A "heavy box" emergency requires two district chiefs, four pumpers, a ladder truck and a rescue truck. Because this was dispatched as an explosion, it required only one district chief. An ambulance was also dispatched. As the other equipment arrived, Hudson remained as incident commander and Davis assumed interior-rescue command. Davis took charge of the rescue and ambulance crew already inside.

A closer look of the roof damage above the vessel - Photo courtesy of Cy-Fair VFD.

A closer look of the roof damage above the vessel

Photo courtesy of Cy-Fair VFD.

At least six levels of platforms and catwalks surround the huge foundry press and its accumulator. Much of that structural framework had been demolished by the blast. Black, sooty graphite used as a lubricant in the forging process covered the wreckage and body tissue littering the foundry's interior. Two confirmed "10-50s" – dead bodies – were found on the foundry floor. With help from a foundry employee who also serves as a fire department volunteer, Davis determined that at least eight more employees were working on the cylinder at the time of the blast.

"At about that time we were looking up and noticed that there were two men still moving up there," Davis said. "So I asked one worker 'How do I get up there? Do they have elevators?' He said "The elevators are down because there is no electricity.'"

The only way to reach the survivors was to climb straight up using ladders connecting each level. Davis asked the paramedic off Ambulance 9, Greg Lingner, to go with him.

"I told him 'Understand, there may be a potential for additional explosions that could put you in jeopardy up there,'" Davis said. "'This is a voluntary fire department but you need to volunteer again.'"

Lingner said yes. It was his first shift on the ambulance as the paramedic in charge. During the long, hard climb through the soot and twisted metal, the rescuers found three more fatalities. The severity of the injuries left no chance they could be alive. The rescuers continued to climb. Long before reaching the survivors Davis realized that bringing rescue equipment up by the same route would be impossible. The ladders were encased by a tight circular safety cage to prevent falling.

"It was a tight squeeze," Davis said. "There was barely enough room for the radio and flashlight in my pockets."

The rescuers found the survivors lying on a 30-inch-wide catwalk about 15 feet below where the maintenance crew had been working. One survivor was Santiago "Jimmy" Galindo, the crew supervisor and 30-year veteran with the foundry. The other was employee Gregory Dargin, an employee with the foundry for only two weeks. Both had been painted black by the graphite. Also, both were in shock, suffering loss of hearing from the sudden volume of the explosion, Davis said.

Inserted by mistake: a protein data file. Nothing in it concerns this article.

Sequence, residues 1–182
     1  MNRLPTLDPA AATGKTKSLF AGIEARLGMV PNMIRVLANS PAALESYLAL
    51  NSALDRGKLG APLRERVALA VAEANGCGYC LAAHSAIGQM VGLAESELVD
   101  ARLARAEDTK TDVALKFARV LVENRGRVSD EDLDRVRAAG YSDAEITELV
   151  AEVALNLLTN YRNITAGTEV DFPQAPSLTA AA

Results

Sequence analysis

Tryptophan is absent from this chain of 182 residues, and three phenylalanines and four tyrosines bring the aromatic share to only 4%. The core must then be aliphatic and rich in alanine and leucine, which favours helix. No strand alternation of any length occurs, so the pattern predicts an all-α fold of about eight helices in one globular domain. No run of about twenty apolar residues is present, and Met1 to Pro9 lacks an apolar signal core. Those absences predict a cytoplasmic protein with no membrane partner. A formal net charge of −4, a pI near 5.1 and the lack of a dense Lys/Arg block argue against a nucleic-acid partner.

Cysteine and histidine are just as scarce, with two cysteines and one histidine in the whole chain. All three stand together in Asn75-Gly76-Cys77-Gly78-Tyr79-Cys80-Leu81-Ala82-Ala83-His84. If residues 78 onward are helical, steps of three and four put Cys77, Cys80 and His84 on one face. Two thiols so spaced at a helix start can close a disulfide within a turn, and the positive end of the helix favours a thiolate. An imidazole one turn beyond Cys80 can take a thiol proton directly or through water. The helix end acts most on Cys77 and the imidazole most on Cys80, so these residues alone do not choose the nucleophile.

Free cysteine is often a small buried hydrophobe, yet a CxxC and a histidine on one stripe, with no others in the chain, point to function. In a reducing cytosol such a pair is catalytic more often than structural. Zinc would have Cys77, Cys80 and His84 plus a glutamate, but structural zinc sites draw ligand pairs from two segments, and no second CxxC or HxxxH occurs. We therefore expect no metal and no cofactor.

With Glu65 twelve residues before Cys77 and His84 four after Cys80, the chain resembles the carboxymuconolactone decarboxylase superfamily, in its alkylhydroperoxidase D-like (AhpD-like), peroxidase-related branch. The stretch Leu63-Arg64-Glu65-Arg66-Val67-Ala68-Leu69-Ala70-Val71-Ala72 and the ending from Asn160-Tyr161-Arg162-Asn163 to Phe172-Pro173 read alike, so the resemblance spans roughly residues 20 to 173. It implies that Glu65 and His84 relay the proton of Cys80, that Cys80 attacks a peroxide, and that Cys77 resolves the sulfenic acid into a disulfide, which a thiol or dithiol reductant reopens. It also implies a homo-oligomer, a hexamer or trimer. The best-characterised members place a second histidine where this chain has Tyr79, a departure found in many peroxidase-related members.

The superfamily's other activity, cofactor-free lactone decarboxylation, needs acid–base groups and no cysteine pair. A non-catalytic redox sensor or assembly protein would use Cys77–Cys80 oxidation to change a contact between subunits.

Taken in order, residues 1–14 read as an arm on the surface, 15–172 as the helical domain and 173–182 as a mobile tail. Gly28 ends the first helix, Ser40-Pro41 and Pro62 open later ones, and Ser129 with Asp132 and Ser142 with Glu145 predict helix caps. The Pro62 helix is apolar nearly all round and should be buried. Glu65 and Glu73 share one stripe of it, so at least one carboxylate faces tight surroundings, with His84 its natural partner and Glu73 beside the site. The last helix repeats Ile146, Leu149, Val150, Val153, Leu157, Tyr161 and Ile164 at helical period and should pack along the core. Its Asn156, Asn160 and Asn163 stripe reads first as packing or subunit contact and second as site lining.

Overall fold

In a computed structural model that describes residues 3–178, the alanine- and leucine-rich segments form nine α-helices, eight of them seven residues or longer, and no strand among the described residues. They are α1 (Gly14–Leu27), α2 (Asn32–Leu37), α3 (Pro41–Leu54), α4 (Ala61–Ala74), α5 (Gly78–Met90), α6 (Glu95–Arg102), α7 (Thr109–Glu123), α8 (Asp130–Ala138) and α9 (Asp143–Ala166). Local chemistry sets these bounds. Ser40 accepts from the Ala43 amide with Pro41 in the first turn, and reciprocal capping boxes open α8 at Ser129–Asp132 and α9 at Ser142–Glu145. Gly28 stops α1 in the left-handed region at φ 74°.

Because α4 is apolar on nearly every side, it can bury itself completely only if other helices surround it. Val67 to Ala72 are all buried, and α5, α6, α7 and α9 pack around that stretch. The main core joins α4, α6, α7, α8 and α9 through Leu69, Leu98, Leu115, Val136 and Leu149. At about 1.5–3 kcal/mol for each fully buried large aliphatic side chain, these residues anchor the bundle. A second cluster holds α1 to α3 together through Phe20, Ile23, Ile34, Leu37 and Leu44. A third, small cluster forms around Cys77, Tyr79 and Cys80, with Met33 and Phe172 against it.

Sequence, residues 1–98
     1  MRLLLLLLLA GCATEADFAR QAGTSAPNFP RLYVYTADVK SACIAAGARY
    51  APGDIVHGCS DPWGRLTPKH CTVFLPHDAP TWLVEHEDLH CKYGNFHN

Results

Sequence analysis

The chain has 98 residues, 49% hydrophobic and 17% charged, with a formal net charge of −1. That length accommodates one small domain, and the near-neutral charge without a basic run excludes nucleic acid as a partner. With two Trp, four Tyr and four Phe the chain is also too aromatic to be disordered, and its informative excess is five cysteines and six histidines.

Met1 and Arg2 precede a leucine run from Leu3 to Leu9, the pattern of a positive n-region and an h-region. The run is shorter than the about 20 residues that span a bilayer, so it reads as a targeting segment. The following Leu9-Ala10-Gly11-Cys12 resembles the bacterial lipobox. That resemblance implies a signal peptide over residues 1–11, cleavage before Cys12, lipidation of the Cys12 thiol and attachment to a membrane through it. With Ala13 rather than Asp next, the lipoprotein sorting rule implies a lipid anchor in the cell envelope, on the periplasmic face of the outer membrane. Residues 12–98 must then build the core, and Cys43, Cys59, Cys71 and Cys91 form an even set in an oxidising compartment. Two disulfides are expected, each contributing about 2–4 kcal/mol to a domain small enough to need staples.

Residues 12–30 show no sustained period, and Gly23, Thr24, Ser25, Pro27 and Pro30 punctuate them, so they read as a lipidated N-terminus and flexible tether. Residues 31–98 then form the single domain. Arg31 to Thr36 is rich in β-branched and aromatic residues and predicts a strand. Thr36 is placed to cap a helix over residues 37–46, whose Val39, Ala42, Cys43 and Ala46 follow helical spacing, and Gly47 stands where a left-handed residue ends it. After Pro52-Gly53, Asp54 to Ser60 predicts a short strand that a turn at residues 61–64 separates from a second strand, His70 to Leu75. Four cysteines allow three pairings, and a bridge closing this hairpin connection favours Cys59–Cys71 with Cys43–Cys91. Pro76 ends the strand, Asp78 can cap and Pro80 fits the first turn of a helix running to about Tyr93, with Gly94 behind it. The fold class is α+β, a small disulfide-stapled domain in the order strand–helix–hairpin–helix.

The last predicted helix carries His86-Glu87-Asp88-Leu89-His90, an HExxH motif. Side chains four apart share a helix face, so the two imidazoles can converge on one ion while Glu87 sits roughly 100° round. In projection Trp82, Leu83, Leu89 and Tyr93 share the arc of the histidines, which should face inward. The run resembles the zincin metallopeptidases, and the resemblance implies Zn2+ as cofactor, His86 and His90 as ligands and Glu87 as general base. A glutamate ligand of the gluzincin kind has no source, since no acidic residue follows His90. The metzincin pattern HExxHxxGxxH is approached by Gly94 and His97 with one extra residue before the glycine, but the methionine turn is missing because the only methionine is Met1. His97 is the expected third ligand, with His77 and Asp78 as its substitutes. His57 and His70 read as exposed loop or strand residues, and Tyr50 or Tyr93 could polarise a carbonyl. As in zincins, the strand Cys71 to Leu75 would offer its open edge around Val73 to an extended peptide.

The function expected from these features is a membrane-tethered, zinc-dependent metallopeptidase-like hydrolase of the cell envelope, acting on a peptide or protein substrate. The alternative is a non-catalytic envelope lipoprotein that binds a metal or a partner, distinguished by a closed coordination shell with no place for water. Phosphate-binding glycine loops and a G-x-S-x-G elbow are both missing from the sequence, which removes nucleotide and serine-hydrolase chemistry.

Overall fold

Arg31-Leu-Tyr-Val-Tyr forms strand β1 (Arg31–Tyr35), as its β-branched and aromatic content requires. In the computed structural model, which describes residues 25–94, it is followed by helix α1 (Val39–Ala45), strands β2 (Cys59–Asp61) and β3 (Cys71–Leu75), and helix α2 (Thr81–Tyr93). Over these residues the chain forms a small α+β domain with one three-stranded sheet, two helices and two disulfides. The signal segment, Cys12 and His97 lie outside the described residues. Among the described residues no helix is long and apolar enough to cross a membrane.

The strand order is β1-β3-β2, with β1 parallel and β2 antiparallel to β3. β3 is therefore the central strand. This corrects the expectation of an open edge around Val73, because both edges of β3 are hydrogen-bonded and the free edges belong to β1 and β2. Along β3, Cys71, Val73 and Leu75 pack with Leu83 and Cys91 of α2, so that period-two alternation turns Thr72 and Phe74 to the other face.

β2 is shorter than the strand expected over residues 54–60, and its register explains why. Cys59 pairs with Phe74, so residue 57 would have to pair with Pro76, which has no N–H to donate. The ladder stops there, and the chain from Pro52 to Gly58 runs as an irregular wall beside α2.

Assessing the difficulty of getting rescue equipment to their position, Davis asked two more rescue personnel off Rescue 3, Erich Burrer and Faron Zawacki, to make the climb. A small rope brought up by one of the rescuers was, in turn, used to haul up bags filled harnesses, pulleys and more rope. The rescuers then set up a pulley system to bring up medical equipment from Level 2, the level where the press' control room is located. Two foundry employees also made the climb to assist their injured co-workers.

Outside, Cy-Fair Fire Chief J.C. Marshall arrived and took charge of the scene. Davis requested that Hudson join the rescuers with the injured men on the catwalk.

"I felt that I needed Mark's expertise as a paramedic in the phase of the operation when it was most critical," Davis said.

Meanwhile, Marshall advised the media and relatives of what had happened and what was being done.

"Once I realized the magnitude of damage, injuries and death, I communicated with the media that was outside the front gate," Marshall said. "I didn't give them a lot other than "We're here and there's been some type of explosion. We may have had casualties.' I was just trying to make them feel like part of what was going on. If you don't tell the media, they're going to come up with something anyhow. You might as well be as fair with them as you can because, hey, they could be your ally."

More than media coverage, the ally the rescuers most needed inside the foundry was Cy-Fair's Simon LTI 100-foot platform ladder truck. Fitting the truck inside the huge building was not as much of a problem as the lack of a solid foundation to park it on. The press and accumulator sit in a subbasement of the foundry building, rising up through a large hole in the floor at ground level. By radio, Davis told Marshall he did not think the metal grating covering much of that hole would support the heavy ladder truck's outriggers.

"I communicated with Fire Chief Marshall my feelings and what were my needs and he set out to make it work," Davis said.